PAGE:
In the summer of my 36th year I made a daring change in my life and moved to a farming community in the Hudson Valley. I rented a 200-year-old Dutch stone house, all but empty except for the necessities. During the week days I was by myself and at night, I started to have a strange sort of dream experience. When I was on the edge of sleep, I found I could rise from the bed and float down the stairs and through the house, encountering figures who also lived there.
I never knew if they were going to be friendly or unfriendly. Sometimes one would slowly turn around and appear to notice me, but usually not. It became clear that these night figures did not exist on my terms. During some of my float-downs, the house and its environs were in a more primitive state. Once I came upon men working to build something, and one of them gave me a threatening scowl.
The other thing that happened during that time was that a friend had a late miscarriage for the seventh time. While she was in the hospital, a nurse mistakenly laid a new baby in her arms and said, “Here is your little boy.” Soon after, I wrote the story “Dream Children,” which combined my friend’s horrific experience with the story of a woman’s deep country life interrupted on weekends by the arrival of her husband with houseguests and city gossip. The woman clings fast to the weekday visits of a phantom boy who seems to be the same age as the one thrust into her arms that one time. She buttresses the validity of these night visits by reading about people like herself who can commute between worlds. From scholars, mystics, theologians, and novelists, she comes to accept that dream and reality aren’t competitors but reciprocal sources of consciousness.
Her discovery marked the beginning of my search for the kind of ghost story I myself could accept. Throughout my fiction, characters meet their ghosts, confronting them on the stairs, conversing with them while driving alone, discovering late in life that a powerful person’s spirit inhabits them. But not until Flora (2013) does a ghost keep audible company with her granddaughter throughout the entire novel. The late grandmother’s imperious comments and advice continue to guide ten-year-old Helen, influencing the child’s choices and actions.
In my new novel, Grief Cottage , 11-year-old Marcus never hears the ghost-boy, but sees him twice. Marcus sets out to court the lost soul trapped inside the ruined cottage, though he is not sure whether the ghost-boy is friendly or follows some sinister agenda of its own.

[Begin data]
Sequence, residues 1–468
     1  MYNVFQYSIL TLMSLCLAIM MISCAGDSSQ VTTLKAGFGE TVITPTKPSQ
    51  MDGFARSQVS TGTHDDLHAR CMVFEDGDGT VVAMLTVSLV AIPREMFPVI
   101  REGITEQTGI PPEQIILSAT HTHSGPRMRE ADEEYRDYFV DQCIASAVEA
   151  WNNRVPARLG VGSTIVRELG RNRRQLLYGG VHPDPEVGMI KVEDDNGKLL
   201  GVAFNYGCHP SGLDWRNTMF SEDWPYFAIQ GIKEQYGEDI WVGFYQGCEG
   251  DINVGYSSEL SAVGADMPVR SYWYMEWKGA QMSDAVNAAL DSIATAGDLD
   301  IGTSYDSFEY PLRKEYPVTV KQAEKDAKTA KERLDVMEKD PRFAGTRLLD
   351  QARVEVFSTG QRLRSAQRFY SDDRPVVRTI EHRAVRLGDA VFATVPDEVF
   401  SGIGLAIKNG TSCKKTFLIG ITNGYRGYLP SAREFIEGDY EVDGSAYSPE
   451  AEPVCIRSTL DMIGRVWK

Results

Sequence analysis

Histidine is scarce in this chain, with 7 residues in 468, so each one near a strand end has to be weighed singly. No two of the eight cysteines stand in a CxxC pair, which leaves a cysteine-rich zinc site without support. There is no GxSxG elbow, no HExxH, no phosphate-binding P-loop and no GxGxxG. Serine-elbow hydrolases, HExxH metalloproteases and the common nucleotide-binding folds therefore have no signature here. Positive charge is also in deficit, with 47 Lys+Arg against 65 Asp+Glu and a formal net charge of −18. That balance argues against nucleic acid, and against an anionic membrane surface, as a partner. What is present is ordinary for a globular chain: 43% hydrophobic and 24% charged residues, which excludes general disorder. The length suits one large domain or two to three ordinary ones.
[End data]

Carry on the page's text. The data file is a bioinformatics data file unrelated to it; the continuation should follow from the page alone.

What are the hallmarks of a successful ghost story? The masterful ones are almost always founded in psychology. The ghost’s arrival usually coincides with a mental crisis in the protagonist’s life and the ghost usually affects a change in the person who has experienced the supernatural.
In Henry James’s “The Jolly Corner,” an American returns to New York after 33 years and wonders if he has made a mistake in living abroad so long. He’s determined to meet the man he would have become if he had stayed at home. When he at last corners the specter of what he might have become, the sight is so hideous that he faints. When he is found at daybreak by Alice Staverton, the devoted friend from his youth, it finally dawns on him what this woman means to him. Of the glaring, disfigured ghost Brydon tells her, “He has a million a year. But he doesn’t have you.”
In A.M. Burrage’s lesser-known masterpiece, “Playmates,” communing with ghosts also changes the character for the better. A misanthropic bachelor who treasures his solitude takes on the care of a joyless young girl who begins to play with “imaginary friends” when they move to an old country house. While the ghost-children are a comfort to the girl in her time of loneliness, the local Vicar believes the girl would develop a gift that might eventually harm her if she continued to see and converse with “wretched souls.” The bachelor makes arrangements to send the girl off to school, but when she leaves, he begins to feel shy little presences in the empty house. “Don’t be afraid,” he whispers to the ghosts, “I’m only a very lonely man. Be near me after Monica is gone.”